2.2.1.1 Fluorescent Gels that Respond to Heat 22

2.2.1.2 Fluorescent Gels that Respond to Light 23

2.2.1.3 Fluorescent Gels that Respond to Ultrasound 25

2.2.1.4 Fluorescent Xerogels that Respond to Grinding or Pressure 28

2.2.2 Fluorescent Gels for Visual Chemical Stimulus Sensing 30

2.2.2.1 Fluorescent Gels for Cation Sensing 30

2.2.2.2 Fluorescent Gels for Anion Sensing 35

2.2.2.3 Fluorescent Gels for CO2 Sensing 37

2.2.2.4 Fluorescent Gels for Solvent and Humidity Sensing 38

2.2.2.5 Fluorescent Gels for Nitroaromatic Derivative Sensing 42

2.2.2.6 Fluorescent Gels for Amine Sensing 42

2.3 Summary and Perspectives 45

References 46

3 Preparation of Self-Assembled Composite Hydrogels and Their Application in Biomedicine and Wastewater Treatment 51

Ran Wang, Jingxin Zhou, Lexin Zhang, and Tifeng Jiao

3.1 Introduction 51

3.2 Prepared Composite Hydrogels Used in Biomedicine 52

3.2.1 Self-Assembly and Drug Release Capacities of Organogels via Some Amide Compounds with Aromatic Substituent Headgroups 52

3.3 Prepared Composite Hydrogels Used inWastewater Treatment 55

3.3.1 Preparation and Self-assembly of Some Functionalized Supramolecular Hydrogels 55

3.3.2 Preparation and Self-assembly of Some Graphene Oxide-Based Composite Hydrogels 57

3.4 Conclusion and Perspectives 64

Acknowledgments 65

References 65

4 Conductive Hydrogels for Flexible Mechanical Sensors 71

Zhihui Qin and Tifeng Jiao

4.1 Introduction 71

4.2 Fabrication of Conductive Hydrogels 73

4.2.1 Electronically Conductive Hydrogel 74

4.2.2 Ionically Conductive Hydrogels 78

4.3 Conductive Hydrogel-Based Mechanical Sensors 80

4.3.1 Strain Sensors 81

4.3.2 Pressure Sensors 85

4.4 Conclusion and Outlook 89

Acknowledgments 90

References 90

5 Recent Progress on Heat-Set Molecular Gels 99

Yuangang Li, Zonglin Yang, Yong Chen, Huajing Li, Rong Yang, and Chenyu Huang

5.1 Introduction 99

5.2 Heat-Set Molecular Gels 101

5.2.1 Heat-Set Molecular Hydrogel 101

5.2.2 Heat-Set Organic Gel 110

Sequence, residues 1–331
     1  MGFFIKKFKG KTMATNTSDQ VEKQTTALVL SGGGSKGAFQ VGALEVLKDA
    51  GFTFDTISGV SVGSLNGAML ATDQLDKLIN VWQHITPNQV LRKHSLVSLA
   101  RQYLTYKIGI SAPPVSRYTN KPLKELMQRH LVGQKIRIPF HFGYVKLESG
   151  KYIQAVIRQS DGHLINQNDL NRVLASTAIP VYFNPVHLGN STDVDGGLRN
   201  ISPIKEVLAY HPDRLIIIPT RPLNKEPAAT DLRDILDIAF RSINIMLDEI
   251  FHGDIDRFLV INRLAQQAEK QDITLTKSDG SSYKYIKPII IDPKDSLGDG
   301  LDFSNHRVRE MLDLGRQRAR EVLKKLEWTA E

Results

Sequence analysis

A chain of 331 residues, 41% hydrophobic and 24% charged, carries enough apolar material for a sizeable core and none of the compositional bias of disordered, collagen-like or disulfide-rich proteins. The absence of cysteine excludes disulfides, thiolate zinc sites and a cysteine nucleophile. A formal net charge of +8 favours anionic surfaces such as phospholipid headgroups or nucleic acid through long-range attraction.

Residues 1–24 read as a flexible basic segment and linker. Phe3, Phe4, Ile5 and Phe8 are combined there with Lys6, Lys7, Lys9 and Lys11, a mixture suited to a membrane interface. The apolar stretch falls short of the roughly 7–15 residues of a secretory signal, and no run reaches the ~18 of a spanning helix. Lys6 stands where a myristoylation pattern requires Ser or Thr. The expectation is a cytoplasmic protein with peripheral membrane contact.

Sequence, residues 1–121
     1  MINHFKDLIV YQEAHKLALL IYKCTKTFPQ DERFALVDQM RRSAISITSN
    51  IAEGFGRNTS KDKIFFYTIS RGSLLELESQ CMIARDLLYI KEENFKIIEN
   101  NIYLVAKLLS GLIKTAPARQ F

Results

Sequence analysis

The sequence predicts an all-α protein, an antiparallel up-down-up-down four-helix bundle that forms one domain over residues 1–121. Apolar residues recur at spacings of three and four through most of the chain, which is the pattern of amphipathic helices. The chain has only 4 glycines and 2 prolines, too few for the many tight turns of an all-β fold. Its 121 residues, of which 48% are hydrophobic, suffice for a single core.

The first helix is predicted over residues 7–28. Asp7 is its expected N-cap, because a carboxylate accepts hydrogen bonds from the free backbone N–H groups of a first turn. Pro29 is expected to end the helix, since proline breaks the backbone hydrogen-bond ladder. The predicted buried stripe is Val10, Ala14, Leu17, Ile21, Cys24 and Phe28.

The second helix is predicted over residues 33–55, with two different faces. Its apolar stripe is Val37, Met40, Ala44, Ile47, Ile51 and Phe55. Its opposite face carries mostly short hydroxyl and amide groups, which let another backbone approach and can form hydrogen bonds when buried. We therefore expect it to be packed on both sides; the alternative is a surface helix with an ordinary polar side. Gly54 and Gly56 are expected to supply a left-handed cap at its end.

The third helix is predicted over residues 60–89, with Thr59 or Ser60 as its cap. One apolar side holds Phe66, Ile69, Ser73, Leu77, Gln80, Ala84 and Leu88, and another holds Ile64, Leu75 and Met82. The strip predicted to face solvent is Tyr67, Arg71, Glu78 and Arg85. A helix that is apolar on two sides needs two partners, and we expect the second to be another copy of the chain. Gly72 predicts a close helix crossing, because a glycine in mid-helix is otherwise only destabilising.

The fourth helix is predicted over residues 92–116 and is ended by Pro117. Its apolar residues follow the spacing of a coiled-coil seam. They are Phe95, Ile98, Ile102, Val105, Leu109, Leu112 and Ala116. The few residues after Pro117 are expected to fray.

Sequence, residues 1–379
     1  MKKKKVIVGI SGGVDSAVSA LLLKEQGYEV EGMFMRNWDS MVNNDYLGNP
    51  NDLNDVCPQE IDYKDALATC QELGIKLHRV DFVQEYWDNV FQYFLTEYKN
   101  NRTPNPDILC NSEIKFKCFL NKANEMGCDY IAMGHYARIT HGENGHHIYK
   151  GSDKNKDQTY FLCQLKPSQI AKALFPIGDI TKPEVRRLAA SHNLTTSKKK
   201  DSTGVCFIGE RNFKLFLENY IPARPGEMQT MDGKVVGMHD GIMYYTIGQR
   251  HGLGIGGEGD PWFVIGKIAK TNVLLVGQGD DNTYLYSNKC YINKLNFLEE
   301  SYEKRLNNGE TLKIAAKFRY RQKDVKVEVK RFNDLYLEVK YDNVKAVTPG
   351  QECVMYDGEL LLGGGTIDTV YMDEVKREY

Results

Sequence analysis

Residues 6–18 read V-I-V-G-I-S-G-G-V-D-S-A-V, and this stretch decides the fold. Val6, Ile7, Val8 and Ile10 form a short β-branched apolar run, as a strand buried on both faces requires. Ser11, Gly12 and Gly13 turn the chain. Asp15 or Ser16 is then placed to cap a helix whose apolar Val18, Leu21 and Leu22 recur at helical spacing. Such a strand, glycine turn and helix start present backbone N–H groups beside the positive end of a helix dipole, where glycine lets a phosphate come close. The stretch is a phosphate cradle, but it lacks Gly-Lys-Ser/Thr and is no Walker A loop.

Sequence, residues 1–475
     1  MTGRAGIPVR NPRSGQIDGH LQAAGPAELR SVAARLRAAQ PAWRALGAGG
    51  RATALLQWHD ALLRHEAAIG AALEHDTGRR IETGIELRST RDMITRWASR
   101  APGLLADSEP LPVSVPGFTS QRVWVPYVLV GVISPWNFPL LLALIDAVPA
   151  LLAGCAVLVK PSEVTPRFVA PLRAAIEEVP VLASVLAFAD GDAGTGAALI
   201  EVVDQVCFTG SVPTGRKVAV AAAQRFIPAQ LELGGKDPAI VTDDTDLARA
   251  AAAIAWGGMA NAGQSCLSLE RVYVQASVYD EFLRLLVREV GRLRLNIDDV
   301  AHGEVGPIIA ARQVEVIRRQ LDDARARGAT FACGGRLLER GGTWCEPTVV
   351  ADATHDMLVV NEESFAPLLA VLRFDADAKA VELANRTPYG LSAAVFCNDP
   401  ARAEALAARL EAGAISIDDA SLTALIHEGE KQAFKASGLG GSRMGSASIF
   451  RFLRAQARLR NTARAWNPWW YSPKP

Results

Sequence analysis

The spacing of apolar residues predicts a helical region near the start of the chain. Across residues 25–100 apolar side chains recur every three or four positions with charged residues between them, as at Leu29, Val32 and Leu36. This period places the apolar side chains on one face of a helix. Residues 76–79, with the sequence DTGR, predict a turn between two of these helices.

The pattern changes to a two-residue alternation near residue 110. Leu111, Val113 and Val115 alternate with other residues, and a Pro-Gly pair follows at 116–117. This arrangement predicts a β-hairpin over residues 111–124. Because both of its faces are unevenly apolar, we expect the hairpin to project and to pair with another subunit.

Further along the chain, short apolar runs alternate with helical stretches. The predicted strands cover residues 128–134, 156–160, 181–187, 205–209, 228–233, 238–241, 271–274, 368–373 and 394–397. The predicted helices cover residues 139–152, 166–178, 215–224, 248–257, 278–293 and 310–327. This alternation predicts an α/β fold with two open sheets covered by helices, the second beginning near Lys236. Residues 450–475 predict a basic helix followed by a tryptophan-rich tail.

5.3 Conclusion and Perspectives 118

Acknowledgements 120

References 120

6 Supramolecular Gels from Carbohydrate Biopolymers for Water Remediation 127

Xuefeng Zhang and Weiqi Leng

6.1 Introduction 127

6.2 Hydrogels from Carbohydrate Biopolymers 128

6.2.1 Hydrogels from Native Cellulose or Chitin 129

6.2.2 Hydrogels from Cellulose or Chitin Derivatives 130

6.2.3 Hydrogels from Biopolymer Nanomaterials 132

6.2.3.1 Hydrogels from Physically Cross-Linked NC or NCh 134

6.2.3.2 Hydrogels from Chemically Cross-Linked NC or NCh 137

6.3 Aerogels from Carbohydrate Biopolymers 138

6.4 Biopolymer-Derived Gels forWater Remediation 140

6.4.1 Heavy Metal Removal 141

6.4.2 Organic Pollutants Removal 146

6.5 Conclusions and Perspectives 156

References 156

7 Biobased Aerogels for Oil Spill Remediation 169

Weiqi Leng, Sheng He, Xuefeng Zhang, Xiang Wang, and Chanaka M. Navarathna

7.1 Introduction 169

7.2 Aerogels: Classification, Fabrication, and Properties 172

7.2.1 Classification of Aerogels 172

7.2.2 Fabrication of Biobased Aerogels 173

7.2.2.1 Supercritical Drying 177

7.2.2.2 Freeze-drying 179

7.2.3 Functionalization of Biobased Aerogels 186

7.3 Biobased Aerogels for Oil Spill Remediation 193

7.3.1 Parameters That Affect the Oil Absorption Performance 193

7.3.2 Mechanisms of Oil Absorption 197

7.3.3 Post-processing of Aerogel Absorbent After Oil Spill Remediation 200

7.4 Conclusion and Future Scope 201

References 201

8 Luminescent Supramolecular Gels 215

Xue Jin and Pengfei Duan

8.1 Introduction 215

8.2 Fluorescence in Supramolecular Gels 216

8.3 Phosphorescence in Supramolecular Gels 219

8.4 Upconverted Luminescence in Supramolecular Gels 224

8.5 Circularly Polarized Luminescence in Supramolecular Gels 230

8.5.1 CPL-Active Gel Based on Chiral Luminescent Gelators 234

8.5.2 CPL-Active Supramolecular Gel Based on Achiral Luminescent Gelators 238

8.5.3 CPL-Active Supramolecular Gel by Using Organic Luminophores as Guests 239

8.5.4 CPL-Active Supramolecular Gel Based on Inorganic Luminescence Guest 245

8.6 Conclusion and Perspectives 249

Acknowledgments 250

References 250

Index 257

Authors

Tifeng Jiao